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Le Monde
Le Monde
17 Feb 2024


Images Le Monde.fr

We all know that green spaces are good for both mental well-being and physical health. Research has shown that exposure to nature during childhood is associated with "neurocognitive and social-behavioral development, as well as on the mental and emotional well-being of children [...] lower body mass index, reduced risk of overweight or obesity, lower blood pressure and higher physical activity," as outlined by Belgian and Dutch researchers in the American monthly journal JAMA Network Open on January 4. This team also looked at the effect of greenery on bone health, studying 327 children aged four to six from the Belgian birth cohort of the Environage study (Environmental Influence on Early Aging).

The work concluded that participants with increased exposure to green spaces, such as urban gardens and parks or rural fields, within a radius of 300 meters to 3,000 meters around their primary residence, demonstrated significantly higher bone mineral density. For instance, there was a 25% increase in density for toddlers living within 500 meters of a green space, particularly in areas classified as "high," where vegetation surpasses 3 meters in height.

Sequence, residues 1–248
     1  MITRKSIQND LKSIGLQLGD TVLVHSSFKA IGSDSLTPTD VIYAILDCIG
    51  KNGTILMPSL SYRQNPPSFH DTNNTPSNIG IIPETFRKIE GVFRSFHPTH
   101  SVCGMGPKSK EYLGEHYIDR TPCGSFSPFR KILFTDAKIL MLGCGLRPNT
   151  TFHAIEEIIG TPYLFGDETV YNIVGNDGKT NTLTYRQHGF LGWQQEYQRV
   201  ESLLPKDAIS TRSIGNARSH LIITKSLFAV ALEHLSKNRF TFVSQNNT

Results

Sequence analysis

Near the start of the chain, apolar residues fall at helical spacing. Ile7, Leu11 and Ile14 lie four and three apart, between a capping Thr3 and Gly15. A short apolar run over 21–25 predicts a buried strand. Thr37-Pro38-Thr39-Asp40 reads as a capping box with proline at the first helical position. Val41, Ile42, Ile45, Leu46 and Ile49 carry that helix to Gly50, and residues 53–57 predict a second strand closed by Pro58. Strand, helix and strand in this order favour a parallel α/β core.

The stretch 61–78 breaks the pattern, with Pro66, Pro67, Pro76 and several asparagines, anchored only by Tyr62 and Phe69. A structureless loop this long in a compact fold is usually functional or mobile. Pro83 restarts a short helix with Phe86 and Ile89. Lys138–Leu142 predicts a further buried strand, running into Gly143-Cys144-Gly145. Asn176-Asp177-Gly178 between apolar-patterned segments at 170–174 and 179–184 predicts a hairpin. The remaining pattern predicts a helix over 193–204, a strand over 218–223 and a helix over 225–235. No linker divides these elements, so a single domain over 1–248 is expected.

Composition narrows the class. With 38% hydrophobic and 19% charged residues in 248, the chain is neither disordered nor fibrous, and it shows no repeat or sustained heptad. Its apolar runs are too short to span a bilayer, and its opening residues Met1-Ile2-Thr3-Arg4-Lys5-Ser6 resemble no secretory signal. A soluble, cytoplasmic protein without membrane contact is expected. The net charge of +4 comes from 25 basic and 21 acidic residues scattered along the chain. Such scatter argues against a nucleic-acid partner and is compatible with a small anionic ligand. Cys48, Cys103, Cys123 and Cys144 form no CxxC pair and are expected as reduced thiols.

"It's obvious that green spaces are good for children and this study is interesting, but the results must nevertheless be taken with caution due to significant biases," said pediatric orthopedics professor Franck Accadbled, a surgeon at Toulouse University Hospital. "Firstly, the level of physical activity was not assessed; sedentary behavior was only estimated using daily screen time. Furthermore, bone density was measured non-invasively using a method that is not the gold standard, namely dual-energy X-ray absorptiometry," he added. The surgeon also co-directs an inter-university diploma in pediatrics and sport with Dr. Stéphane Tercier, a sports medicine physician at the Lausanne University Hospital in Switzerland, which was launched at the Toulouse University Hospital in September 2023.

The researchers in the Belgian study opted for a radiation-free technique, calculating bone density in the forearm using quantitative ultrasound measurements. The study's authors acknowledged these limitations, also noting that they had no data on children's use of nearby residential green spaces, nor on accessibility and safety. The study pointed out that "increasing physical activity has been hypothesized to be one of the pathways underlying the beneficial health effects of green space exposure."

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